The existentialist case for the just war begins with a basic principle: “what does it mean to say that someone has a right to life? To say that is to recognize a fellow creature . . . whose person is as valuable as my own.” That is to say, human beings have a right to life not because rights are empirical qualities that humans are born with, but rather because we recognize the existential value of our lives and of our fellow human beings. If this is the case, we are prima facie prohibited in taking away the life of another because we recognize that life is especially valuable. That is, destroying an object is categorically different from destroying the life of a person. The destruction of a person means precisely the destruction of what is radically dearest and closest to the human being: his or her own self. Therefore, the killing of a person forces him or her to go through a radical transformation from consciousness to nothingness, from life to death. The destruction of the object does not entail such radical transformation since the object simply changes from one form to another, there is no radical ‘I’ that disappears.
If killing is prohibited due to the ‘sanctity of life,’ why do we typically accept the killing in self defense? We do not demand that police officers, soldiers, or civilians, do nothing when they are about to be killed because of the value of the aggressor’s life. In such circumstances, we allow the taking away of life, the killing and brining about in the aggressor the transformation from consciousness to nothingness. Why? Where does the philosophical justification for killing arise? It is here that I think Martin Heidegger provides an insight. Heidegger makes a distinction between the ontic and the ontological. Human beings are always ontologically caught into a universe of possibilities. That is to say, one can choose to be this or that, to be an artist or a philosopher. Humans must decide what to become ontically by understanding their ontological possibilities. But human beings do not always do justice to their ontological possibilities. Heidegger sometimes referred to this as ‘falling prey to the world,’ in the sense that humans get so caught in their daily activities (the ontic dimension) that they forget about their ontological possibilities of being. But even if unaware, humans decide on the materialization of possibilities through their actions.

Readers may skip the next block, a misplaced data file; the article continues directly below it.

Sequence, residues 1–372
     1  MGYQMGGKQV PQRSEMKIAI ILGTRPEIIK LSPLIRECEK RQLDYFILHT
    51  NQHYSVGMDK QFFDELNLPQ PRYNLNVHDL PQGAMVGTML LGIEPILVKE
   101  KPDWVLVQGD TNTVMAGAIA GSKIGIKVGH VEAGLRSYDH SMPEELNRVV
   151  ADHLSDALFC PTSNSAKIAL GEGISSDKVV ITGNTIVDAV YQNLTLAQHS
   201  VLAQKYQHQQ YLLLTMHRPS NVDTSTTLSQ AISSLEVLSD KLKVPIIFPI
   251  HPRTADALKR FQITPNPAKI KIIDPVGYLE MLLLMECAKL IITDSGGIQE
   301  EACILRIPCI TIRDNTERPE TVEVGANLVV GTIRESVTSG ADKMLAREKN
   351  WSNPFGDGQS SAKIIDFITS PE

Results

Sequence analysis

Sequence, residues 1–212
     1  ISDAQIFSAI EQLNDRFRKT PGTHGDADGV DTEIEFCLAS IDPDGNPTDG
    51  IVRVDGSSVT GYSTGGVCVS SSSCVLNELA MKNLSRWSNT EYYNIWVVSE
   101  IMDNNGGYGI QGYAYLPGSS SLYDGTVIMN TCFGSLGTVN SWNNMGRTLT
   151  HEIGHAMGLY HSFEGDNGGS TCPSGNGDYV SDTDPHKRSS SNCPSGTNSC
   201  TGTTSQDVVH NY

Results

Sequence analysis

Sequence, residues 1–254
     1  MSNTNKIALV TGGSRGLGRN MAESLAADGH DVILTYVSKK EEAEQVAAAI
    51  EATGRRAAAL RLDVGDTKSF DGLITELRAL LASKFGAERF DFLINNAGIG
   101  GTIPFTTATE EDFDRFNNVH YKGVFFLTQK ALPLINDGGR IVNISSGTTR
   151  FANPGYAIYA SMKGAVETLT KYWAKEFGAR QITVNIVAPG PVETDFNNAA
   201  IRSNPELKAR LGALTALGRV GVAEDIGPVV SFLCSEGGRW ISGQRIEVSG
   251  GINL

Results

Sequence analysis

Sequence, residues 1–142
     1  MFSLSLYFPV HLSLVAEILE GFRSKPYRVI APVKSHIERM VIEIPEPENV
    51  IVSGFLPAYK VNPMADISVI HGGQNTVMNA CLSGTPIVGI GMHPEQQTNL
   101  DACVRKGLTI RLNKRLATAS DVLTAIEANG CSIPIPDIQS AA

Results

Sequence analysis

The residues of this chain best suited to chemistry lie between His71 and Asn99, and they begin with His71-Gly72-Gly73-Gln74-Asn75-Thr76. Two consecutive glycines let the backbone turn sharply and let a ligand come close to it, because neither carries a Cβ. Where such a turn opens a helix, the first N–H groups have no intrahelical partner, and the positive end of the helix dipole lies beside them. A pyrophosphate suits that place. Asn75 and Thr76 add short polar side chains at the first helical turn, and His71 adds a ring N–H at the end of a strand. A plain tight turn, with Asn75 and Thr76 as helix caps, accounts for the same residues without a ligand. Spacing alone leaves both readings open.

Such ontic-ontological distinction holds true for question of war and killing in self-defense. Once a person decides to kill another, he is not just killing another individual but automatically closing down his own range of ontological possibilities. Existentially, he is in fact forcing the victim to take him in a specific way. The aggressor closes down his own ontological possibilities and actualizes ontically and existentially only one: that of an aggressor. The victim, then, does not encounter the aggressor as a full in-and-for-himself human being, but rather encounters him as an almost de-humanized other, an aggressor so inhumane that threatens the victim’s own existence. Nonetheless, the aggressor never fully stops being a human being, one still recognizes the other as capable of making at least certain choices—to kill or not to kill—but the kind of human being the aggressor becomes when encountered by the victim has effectively been limited. That is to say, there is a clear existential difference between a machine gun and a soldier firing at a distance: the latter still retains a capacity of making choices while the former is simply caused to act a certain way.
Therefore, it is the ontic closing of ontological possibilities in the aggressor that justifies killing. That is to say, we value the life of human beings because of their ontological possibilities and the decisions they make to translate those possibilities as ontic acts. However, once a person such as a soldier has decided to engage in aggression, he automatically reduces his own ontic materialization of ontological possibilities, and hence the kind of human being he existentially is. The fact that he is encountered as just an aggressor justifies the victim in firing back and killing.